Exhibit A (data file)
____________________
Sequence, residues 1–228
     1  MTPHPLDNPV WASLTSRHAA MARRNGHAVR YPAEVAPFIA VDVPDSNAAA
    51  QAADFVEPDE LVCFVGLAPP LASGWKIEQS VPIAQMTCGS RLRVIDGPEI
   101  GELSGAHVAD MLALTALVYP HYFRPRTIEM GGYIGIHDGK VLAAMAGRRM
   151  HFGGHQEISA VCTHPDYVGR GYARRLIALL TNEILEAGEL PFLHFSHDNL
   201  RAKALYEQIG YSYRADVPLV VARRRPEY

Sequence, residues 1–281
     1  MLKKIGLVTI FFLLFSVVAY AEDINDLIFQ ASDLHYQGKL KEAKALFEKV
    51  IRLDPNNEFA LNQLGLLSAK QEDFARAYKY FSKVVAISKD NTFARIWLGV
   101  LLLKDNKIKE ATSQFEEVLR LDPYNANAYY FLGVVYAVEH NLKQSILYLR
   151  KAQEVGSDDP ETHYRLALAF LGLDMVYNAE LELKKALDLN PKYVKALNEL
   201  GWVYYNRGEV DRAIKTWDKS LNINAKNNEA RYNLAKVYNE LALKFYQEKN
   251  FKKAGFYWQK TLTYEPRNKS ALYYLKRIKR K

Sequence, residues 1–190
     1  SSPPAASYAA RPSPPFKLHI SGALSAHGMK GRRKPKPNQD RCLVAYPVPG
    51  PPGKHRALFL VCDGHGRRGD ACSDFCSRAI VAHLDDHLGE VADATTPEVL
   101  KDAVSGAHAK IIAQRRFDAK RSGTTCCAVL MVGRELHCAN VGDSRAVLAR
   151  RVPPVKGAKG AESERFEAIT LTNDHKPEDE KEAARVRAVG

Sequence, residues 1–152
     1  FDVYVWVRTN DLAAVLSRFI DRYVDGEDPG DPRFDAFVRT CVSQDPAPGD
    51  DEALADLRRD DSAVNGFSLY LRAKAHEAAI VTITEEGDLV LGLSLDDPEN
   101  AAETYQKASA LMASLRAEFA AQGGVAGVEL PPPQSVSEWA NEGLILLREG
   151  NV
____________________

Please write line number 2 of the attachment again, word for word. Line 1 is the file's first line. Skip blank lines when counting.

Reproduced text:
     1  MTPHPLDNPV WASLTSRHAA MARRNGHAVR YPAEVAPFIA VDVPDSNAAA